In an increasingly high-tech world, one decidedly low-tech act is regaining the spotlight as a superweapon in the fight against pandemic disease: washing your hands with soap. For over a decade, the U.S. Agency of International Development (USAID) has made a series of investments in an innovative, market-based solution to scale-up the practice of handwashing: the Happy Tap portable handwashing device.
Long known by public health professionals as the number one behavioral intervention to prevent the spread of diarrheal diseases, handwashing is being widely promoted as a highly-effective, scalable, and incredibly cost-effective means of reducing the transmission of viral diseases such as H1NI, SARS, MERS, Ebola, and now, COVID-19. This is particularly true in densely-populated, impoverished areas, where social distancing can be difficult to practice, health systems are weak, and the prevalence of underlying risk factors such as respiratory illness is high.
Despite being easy to practice, limited access to basic handwashing facilities remains a major barrier to effective handwashing in many parts of the world. This is true in homes, hospitals, clinics, schools, and especially in wet markets, where zoonotic—or animal to human—disease transmission risk can be severe. Recent estimates by the World Health Organization and UNICEF indicate the scale of the problem:
- 40 percent of the world’s population – 3 billion people – lacks a handwashing facility with water
and soap at home.
- 900 hundred million school-age children lack a handwashing facility with water and soap at their school,
with half of all schools in least developed countries having no place for children to wash their
hands at all.
- Roughly one of every six healthcare facilities has no hygiene service, meaning they lack hand-
washing facilities where patients are treated, as well as soap and water at toilets.
In the midst of the 2009 H1N1 flu pandemic, the USAID-funded Water, Sanitation and Hygiene Enterprise Development project, or WaterSHED, launched its Happy Tap portable handwashing station at an investor forum in Ho Chi Minh City. With support from USAID’s Vietnam Mission, WaterSHED’s team presented a business plan for commercial manufacturing and marketing of the Happy Tap device to over 100 public- and private-sector participants, including: Unilever; Procter & Gamble; Colgate/Palmolive; Coca-Cola; CARE; UNICEF; the Vietnamese Women’s Union; and, the Vietnamese Ministry of Health.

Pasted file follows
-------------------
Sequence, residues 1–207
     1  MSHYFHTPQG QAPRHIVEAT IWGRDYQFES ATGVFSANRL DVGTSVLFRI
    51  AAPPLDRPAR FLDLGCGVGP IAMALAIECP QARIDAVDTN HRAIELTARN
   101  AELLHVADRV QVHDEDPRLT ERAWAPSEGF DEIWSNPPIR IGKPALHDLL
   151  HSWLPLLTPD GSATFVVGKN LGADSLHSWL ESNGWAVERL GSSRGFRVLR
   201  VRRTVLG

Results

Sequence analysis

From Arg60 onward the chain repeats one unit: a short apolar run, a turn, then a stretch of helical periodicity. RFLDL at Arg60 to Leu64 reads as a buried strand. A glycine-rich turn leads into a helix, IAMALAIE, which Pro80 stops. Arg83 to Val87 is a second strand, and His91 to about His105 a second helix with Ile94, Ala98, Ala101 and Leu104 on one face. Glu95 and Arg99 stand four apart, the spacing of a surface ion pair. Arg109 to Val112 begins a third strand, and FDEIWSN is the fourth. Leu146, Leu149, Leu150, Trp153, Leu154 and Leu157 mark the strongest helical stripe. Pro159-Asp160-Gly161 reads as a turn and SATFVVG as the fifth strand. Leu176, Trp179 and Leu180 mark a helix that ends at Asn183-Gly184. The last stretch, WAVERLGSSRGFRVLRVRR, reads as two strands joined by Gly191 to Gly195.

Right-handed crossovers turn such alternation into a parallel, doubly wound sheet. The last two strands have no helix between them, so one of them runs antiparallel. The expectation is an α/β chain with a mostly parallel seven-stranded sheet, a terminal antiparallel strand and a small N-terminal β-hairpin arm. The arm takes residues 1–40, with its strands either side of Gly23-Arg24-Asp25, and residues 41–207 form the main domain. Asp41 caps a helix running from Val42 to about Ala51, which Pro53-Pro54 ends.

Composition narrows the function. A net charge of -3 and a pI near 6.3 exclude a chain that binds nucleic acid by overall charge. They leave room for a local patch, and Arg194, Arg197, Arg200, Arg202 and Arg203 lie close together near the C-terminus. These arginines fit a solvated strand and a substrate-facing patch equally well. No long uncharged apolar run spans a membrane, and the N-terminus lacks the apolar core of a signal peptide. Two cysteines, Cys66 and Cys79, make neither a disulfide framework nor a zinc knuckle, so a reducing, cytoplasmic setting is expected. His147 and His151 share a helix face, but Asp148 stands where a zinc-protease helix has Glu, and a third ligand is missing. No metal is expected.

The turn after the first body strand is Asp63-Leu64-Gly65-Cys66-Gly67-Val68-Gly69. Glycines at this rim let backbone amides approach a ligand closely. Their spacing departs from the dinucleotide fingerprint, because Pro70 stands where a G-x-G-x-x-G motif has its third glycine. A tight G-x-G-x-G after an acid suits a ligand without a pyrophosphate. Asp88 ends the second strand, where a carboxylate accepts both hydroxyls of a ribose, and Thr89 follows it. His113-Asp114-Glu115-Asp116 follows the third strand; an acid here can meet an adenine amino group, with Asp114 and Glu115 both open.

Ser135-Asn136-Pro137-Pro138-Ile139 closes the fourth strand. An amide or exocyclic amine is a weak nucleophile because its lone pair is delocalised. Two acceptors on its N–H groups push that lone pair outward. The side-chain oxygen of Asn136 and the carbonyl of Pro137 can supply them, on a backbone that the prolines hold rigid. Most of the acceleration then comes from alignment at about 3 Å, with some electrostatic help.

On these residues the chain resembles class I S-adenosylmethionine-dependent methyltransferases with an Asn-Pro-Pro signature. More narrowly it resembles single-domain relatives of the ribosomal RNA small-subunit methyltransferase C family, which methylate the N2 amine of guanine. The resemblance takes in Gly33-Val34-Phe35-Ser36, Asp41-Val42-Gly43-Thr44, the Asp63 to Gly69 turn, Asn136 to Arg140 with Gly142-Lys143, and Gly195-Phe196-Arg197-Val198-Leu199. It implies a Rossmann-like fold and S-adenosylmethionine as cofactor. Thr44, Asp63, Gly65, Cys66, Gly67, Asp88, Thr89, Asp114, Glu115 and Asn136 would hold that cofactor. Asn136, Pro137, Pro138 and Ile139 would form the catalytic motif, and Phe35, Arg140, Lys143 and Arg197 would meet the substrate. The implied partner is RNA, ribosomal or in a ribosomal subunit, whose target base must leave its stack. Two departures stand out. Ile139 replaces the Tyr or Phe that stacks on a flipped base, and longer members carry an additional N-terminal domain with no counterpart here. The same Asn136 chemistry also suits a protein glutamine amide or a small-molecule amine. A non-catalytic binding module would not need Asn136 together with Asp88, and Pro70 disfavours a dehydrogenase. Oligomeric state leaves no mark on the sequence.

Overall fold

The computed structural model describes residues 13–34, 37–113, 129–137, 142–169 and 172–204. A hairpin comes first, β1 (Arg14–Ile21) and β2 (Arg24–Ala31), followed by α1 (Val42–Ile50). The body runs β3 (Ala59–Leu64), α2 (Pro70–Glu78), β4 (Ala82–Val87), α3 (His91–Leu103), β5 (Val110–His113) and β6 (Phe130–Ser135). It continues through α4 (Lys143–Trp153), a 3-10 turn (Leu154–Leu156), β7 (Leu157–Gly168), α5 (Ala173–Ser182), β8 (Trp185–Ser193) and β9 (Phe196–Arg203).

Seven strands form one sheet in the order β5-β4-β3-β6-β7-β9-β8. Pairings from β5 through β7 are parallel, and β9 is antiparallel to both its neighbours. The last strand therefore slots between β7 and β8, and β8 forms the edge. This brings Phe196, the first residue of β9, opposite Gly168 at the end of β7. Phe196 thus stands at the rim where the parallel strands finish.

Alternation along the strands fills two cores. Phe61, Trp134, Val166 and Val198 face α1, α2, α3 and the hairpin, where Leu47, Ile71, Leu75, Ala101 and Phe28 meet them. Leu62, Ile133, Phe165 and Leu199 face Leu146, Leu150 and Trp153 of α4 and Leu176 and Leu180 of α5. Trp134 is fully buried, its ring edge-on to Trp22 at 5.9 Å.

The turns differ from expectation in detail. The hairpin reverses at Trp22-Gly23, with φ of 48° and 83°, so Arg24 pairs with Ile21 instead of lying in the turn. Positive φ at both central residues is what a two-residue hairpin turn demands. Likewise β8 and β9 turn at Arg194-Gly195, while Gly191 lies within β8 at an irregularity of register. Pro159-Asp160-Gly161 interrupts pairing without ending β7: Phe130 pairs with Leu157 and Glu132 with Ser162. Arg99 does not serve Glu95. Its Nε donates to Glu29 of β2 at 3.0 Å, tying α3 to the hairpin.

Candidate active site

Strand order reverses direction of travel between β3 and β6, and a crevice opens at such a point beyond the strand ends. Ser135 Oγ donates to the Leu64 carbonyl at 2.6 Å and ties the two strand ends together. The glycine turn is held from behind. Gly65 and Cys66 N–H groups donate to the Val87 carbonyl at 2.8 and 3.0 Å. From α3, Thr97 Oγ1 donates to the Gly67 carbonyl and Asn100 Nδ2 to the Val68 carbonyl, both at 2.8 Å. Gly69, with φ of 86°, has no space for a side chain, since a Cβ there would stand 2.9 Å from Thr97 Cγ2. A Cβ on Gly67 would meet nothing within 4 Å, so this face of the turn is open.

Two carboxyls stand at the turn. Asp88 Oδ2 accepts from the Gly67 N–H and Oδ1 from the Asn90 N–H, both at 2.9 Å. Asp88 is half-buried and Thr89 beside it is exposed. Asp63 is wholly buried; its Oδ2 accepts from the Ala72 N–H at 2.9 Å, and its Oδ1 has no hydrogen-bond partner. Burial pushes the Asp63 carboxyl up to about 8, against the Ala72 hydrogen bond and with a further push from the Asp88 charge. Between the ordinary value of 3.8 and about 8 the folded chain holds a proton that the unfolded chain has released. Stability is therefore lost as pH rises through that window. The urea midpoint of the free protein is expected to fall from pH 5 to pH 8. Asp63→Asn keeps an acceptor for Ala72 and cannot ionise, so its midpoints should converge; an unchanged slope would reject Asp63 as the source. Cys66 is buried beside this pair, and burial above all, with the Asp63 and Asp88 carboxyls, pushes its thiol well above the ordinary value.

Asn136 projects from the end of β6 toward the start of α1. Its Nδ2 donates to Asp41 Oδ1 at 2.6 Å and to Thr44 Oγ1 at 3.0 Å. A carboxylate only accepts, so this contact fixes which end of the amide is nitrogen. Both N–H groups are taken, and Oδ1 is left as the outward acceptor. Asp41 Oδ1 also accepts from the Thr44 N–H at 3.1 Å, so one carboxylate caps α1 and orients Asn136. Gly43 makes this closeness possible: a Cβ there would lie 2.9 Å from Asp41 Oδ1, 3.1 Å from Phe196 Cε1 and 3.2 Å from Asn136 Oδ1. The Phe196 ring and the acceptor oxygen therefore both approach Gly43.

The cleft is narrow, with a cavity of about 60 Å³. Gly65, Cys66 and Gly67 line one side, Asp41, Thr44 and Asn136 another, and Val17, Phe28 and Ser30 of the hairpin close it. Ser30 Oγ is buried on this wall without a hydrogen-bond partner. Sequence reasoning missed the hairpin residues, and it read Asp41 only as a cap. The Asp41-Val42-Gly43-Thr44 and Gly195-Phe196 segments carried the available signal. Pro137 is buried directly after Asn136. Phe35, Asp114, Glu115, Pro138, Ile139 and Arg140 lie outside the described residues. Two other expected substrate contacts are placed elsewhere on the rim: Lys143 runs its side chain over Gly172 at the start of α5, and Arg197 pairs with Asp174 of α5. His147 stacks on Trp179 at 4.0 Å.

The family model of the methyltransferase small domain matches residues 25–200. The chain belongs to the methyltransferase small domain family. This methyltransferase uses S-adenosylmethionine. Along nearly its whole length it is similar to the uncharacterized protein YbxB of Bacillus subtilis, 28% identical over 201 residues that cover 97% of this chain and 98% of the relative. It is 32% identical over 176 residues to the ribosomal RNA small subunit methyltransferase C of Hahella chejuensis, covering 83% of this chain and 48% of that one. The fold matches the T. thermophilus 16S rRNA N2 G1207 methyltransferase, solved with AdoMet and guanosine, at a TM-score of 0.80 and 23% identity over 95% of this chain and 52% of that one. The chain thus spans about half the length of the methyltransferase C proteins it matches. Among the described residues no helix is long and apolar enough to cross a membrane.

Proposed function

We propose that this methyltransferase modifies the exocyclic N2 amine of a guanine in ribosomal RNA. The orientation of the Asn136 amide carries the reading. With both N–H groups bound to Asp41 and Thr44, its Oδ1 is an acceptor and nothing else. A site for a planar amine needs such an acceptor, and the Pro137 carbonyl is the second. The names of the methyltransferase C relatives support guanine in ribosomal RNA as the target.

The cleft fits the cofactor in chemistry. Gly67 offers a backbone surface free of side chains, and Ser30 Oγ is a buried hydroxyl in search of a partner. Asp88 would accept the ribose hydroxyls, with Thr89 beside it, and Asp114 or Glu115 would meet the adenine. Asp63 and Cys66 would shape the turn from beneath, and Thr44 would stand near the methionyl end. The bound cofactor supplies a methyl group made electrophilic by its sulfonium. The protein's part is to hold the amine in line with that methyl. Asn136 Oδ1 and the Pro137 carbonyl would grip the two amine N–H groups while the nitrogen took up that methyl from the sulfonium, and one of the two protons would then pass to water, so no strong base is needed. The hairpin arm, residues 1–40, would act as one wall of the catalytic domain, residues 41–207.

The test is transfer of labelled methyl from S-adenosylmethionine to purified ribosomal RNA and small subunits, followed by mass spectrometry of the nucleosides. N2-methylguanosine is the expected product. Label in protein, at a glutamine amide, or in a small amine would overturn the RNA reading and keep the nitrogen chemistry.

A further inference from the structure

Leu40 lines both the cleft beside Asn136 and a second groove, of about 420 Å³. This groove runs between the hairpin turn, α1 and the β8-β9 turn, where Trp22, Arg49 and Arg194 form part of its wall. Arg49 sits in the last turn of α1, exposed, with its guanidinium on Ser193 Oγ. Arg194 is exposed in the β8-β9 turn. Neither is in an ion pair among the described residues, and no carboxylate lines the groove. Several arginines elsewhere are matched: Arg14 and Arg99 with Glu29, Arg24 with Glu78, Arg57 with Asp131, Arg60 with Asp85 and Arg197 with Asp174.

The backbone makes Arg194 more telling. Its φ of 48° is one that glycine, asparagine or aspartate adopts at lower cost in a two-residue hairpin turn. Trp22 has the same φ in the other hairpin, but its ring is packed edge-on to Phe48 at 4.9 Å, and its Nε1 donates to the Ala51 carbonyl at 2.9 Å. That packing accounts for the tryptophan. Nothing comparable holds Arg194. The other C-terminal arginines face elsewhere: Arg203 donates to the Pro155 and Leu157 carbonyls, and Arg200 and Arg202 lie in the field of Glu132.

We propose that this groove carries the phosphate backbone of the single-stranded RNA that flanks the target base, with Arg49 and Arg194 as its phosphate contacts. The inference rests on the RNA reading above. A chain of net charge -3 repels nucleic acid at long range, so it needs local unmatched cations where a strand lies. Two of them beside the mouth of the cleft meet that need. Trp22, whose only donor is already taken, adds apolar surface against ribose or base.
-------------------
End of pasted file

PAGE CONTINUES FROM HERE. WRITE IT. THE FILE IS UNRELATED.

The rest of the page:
The Happy Tap is the result of a highly successful collaboration between WaterSHED, USAID, the World Bank’s Water and Sanitation Program, the Global Institute for Tomorrow, and the human-centered design firm, IDEO, which led the multi-stakeholder prototyping process.
Happy Tap was conceived as the world’s first aspirational handwashing product. It was designed as a commercial alternative to the do-it-yourself handwashing devices promoted by NGOs that lack consumer appeal and unable to scale without continuous donor support. WaterSHED’s founder, Tom Outlaw
In 2012, USAID’s Development Innovation Ventures (DIV) program recognized the Happy Tap’s potential for large-scale health impact by awarding a $100,000 Stage 1 Proof of Concept grant to help WaterSHED’s conduct market research and develop its advertising campaign for Vietnam.
Happy Tap is truly unique and innovative. If it can be introduced commercially—which makes it sustainable—in Vietnam, then we think it will have global scalability. WaterSHED co-founder, Geoff Revell
After the product’s successful launch in Vietnam, USAID’s DIV program made a Stage 2-level investment of $650,000 to help WaterSHED scale-up commercial production and distribution of the Happy Tap by partnering with the local private sector to reach 300,000 consumers in Vietnam’s Mekong Delta region.
At around a $15 price point, the Happy Tap is still out of reach for the poorest of the poor. However, by creating a commercial device that is both attractive to look at and easy to use, USAID generates consumer demand, thereby leveraging the private-sector in providing access to public health products at scale. This market-based approach to development is at the heart of USAID’s Private Sector Engagement policy.
In this era of pandemics, such investments can make the difference not only between profit and loss, but life and death as well.